At The Crossing and in some other emergent worship communities, the service includes a "spiritual practice" time. Each month at The Crossing, a leader chooses "a practice that is true for him or her," said Spellers, and then leads the group â usually between 35 and 40 people ranging from their early 20s to their early 70s. Practices have included praying the psalms, yoga, a walking meditation, centering prayer and journaling.
Worshipers at Seattle's Church of the Apostles (COTA) choose among several spiritual practices called "worship stations." Parishioners have created stations corresponding to the U.N. Millennium Development Goals. Participants are asked to read, listen, watch, taste, say or touch something to engage the goal presented.
The station for Goal Six: Combat HIV/AIDS, Malaria and Other Diseases, for example, features a large hand-drawn map of Africa on which worshipers are "invited to write or draw art as prayers, blessings and hopes for Africa using pens and paints," the Rev. Karen Ward, called the church's abbess, wrote in an e-mail.
"Basically, we see ourselves, not as 'consumers' of church that is 'put on' for us as 'audience,' but as producers of church (liturgy truly as our people's work)," Ward wrote.
Like in most emergent communities, members (there are around 150) engage in an active spiritual life outside of worship. Activities and ministries range from the tried-and-true, including mission trips and Bible study, to the more innovative, such as online meditations and a drumming circle.
"Church for us is a 'lifestyle,' not one weekly meeting," wrote Ward.
Thad's â named for the apostle admired by the community for his humility â uses the tagline: "We are Monday-Saturday followers of Jesus who worship on Sunday."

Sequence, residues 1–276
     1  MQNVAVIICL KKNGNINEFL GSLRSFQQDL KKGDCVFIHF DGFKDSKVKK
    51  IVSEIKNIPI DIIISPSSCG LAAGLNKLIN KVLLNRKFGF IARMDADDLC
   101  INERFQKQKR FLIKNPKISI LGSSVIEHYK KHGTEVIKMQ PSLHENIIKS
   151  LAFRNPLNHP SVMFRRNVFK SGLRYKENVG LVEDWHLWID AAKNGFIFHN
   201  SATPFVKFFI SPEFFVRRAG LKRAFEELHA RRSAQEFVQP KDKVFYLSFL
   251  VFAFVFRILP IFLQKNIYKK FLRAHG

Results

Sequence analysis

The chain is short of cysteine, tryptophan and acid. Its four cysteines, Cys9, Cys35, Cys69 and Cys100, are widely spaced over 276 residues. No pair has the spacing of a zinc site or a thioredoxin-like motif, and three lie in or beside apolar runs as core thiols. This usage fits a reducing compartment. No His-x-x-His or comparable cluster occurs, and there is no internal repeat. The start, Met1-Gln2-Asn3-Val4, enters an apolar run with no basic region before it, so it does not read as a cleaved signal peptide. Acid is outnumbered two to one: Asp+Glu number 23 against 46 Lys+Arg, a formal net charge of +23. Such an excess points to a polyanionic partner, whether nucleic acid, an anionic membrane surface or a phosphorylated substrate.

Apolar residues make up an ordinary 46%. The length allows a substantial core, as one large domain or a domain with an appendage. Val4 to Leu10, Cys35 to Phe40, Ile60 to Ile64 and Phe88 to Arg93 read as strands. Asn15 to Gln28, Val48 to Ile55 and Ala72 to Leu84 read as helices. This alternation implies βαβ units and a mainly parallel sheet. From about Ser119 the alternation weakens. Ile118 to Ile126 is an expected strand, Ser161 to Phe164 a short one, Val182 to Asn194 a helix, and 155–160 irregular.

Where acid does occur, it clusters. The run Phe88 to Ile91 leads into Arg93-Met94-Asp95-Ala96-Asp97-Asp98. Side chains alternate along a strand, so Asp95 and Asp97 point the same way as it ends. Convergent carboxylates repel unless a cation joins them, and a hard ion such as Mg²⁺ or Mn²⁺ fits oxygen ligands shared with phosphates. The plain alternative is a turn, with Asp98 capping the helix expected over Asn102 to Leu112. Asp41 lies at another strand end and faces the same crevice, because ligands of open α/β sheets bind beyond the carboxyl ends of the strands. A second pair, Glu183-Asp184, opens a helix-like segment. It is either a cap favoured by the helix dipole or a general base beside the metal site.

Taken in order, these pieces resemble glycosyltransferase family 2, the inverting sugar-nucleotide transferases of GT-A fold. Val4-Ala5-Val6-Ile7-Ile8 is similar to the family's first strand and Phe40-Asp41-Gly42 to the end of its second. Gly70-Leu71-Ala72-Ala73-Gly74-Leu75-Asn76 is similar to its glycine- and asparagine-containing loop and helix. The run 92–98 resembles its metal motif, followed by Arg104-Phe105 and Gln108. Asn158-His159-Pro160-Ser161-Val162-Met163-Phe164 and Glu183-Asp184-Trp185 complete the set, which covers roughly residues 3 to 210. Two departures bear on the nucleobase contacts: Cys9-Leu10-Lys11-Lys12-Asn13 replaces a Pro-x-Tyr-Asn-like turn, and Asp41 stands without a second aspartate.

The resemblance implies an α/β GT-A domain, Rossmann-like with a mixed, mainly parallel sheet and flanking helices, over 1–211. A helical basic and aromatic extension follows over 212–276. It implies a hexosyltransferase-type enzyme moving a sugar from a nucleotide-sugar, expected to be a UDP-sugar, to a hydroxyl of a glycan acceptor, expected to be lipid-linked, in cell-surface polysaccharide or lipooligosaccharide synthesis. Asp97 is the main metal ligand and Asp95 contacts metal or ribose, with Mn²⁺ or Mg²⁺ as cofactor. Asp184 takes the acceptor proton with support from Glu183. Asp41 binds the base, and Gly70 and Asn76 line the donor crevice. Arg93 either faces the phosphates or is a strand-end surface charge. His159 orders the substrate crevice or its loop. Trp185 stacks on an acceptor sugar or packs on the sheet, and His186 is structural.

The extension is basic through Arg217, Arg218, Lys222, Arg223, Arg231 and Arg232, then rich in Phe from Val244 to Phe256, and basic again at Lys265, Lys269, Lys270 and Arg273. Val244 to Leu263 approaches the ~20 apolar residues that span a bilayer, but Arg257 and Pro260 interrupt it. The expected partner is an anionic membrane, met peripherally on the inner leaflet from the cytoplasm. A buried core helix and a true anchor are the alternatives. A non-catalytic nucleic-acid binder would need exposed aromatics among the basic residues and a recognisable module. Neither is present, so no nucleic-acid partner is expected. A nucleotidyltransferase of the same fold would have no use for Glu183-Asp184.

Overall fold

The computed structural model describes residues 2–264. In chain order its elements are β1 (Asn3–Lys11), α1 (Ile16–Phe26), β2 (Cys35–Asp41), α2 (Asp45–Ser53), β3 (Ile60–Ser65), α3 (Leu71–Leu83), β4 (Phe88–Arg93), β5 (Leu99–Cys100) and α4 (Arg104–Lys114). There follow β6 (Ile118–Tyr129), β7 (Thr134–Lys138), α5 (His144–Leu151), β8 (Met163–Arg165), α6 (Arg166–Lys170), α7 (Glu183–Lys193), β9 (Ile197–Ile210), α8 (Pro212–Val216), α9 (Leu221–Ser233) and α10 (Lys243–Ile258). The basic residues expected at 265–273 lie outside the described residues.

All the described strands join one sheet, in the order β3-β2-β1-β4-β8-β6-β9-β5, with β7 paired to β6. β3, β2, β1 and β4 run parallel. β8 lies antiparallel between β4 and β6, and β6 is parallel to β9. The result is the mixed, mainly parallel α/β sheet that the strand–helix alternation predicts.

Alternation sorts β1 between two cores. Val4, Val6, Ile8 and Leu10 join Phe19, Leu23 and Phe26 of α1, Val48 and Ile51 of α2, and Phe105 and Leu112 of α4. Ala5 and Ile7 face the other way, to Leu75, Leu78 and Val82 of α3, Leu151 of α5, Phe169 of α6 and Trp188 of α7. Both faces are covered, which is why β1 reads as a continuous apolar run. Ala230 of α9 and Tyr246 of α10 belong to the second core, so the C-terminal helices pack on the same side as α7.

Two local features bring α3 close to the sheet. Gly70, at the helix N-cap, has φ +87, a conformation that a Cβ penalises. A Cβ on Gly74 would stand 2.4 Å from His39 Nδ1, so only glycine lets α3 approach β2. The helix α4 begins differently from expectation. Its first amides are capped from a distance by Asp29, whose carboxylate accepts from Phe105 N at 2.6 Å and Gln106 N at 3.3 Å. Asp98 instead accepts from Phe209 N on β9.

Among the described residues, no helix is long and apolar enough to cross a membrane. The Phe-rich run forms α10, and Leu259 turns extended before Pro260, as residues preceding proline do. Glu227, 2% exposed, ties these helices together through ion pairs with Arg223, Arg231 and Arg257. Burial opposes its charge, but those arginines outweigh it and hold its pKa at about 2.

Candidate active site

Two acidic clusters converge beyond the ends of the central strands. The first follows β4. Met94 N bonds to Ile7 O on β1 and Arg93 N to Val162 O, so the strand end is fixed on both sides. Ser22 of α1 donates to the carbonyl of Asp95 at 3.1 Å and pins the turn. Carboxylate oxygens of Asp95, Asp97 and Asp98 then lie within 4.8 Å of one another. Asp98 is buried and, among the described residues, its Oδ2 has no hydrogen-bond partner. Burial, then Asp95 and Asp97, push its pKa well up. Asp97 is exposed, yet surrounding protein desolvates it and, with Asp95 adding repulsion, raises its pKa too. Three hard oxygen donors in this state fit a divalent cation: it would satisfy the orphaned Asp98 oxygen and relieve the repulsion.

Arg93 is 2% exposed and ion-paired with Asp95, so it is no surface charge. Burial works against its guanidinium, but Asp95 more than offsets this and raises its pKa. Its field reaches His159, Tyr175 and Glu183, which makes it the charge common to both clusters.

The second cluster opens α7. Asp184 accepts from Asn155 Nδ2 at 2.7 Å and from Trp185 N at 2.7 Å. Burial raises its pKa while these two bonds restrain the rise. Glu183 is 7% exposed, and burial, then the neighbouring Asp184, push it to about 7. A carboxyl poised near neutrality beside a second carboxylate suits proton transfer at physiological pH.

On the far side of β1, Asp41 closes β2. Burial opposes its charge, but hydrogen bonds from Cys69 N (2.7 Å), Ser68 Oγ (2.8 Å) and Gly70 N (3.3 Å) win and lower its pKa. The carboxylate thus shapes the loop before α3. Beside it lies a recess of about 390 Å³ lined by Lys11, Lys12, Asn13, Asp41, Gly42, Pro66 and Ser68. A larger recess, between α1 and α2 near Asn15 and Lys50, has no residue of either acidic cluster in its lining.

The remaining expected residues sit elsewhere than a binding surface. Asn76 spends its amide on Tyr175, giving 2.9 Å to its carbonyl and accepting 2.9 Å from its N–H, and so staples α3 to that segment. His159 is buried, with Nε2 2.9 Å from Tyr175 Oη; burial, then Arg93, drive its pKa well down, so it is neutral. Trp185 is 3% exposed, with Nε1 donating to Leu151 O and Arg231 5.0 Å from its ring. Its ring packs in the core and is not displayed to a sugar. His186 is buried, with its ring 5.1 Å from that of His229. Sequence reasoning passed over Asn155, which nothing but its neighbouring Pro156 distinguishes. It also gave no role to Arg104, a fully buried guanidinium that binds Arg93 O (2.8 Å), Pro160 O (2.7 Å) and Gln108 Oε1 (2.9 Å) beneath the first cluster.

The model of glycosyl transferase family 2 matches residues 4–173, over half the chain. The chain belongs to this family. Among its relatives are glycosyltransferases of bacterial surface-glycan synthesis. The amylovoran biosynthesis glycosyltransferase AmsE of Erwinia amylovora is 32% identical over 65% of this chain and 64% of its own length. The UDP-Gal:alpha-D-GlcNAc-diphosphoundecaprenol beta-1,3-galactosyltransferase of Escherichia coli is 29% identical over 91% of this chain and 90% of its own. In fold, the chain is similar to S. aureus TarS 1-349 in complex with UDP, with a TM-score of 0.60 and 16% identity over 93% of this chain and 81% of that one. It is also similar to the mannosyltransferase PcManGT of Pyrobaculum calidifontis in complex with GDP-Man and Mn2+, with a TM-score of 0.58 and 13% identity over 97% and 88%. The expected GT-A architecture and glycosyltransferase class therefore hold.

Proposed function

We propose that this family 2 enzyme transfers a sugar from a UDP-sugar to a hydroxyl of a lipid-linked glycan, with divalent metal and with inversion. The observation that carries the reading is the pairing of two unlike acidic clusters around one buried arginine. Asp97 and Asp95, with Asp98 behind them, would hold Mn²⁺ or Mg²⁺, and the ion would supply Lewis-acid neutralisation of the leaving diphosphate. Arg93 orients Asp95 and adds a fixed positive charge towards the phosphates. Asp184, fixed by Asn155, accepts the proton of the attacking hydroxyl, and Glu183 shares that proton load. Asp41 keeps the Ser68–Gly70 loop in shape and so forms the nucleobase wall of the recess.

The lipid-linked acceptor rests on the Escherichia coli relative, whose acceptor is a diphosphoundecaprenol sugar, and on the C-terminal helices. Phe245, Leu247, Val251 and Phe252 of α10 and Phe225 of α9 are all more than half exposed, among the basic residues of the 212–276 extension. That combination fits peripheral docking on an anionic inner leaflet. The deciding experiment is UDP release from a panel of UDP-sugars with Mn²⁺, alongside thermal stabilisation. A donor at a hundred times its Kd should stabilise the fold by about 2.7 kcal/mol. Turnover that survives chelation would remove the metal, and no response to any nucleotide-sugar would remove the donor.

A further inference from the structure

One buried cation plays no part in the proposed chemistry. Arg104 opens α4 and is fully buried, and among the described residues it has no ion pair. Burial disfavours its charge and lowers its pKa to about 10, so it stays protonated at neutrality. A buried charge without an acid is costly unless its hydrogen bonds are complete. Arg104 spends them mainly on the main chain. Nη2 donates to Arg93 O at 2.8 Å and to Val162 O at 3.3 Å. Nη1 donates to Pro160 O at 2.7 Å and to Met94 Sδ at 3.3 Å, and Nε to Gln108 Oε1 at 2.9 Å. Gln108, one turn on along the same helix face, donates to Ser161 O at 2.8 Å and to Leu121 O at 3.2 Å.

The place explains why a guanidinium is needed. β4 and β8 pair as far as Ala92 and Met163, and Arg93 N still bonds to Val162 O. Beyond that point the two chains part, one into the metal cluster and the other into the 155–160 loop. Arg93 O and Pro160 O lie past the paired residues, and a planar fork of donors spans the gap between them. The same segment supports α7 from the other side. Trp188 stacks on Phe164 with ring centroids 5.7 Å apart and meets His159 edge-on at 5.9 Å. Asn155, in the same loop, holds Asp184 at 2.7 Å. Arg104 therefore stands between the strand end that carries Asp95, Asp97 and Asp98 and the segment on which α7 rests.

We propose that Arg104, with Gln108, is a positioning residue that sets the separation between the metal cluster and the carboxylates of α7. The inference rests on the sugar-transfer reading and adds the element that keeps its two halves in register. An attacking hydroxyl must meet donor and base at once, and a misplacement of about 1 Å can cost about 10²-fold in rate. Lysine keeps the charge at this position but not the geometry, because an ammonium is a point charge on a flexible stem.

Although Thad's has moved several times since its inception in September 2006 â from a home to a restaurant banquet room, a public park and most recently a jazz club â a constant is being "a Scripture-driven community," said Bartz. He delivers a "teaching" that lasts roughly 20 minutes and is followed by a 10-to 15-minute dialogue among the 100 or so attending each Sunday morning.
Instead of relying on a lectionary, Thad's members choose a book of the Bible to explore over several weeks. When the community began, Bartz preached on Paul's letter to the Corinthians "because Corinth was a multicultural society with lots of distractions, just like L.A." Members of the young community are interested in the early church as portrayed in Luke and Acts, and so that is their current scriptural focus, he said.
At every service, Bartz announces "homework" related to each teaching â ways to "exercise relational muscles that have atrophied as we've become increasingly autonomous." Assignments range from the practical â eating a meal with someone you think hungers in some way â to the more meditative â a challenge to ask oneself: "What do I need to hear?"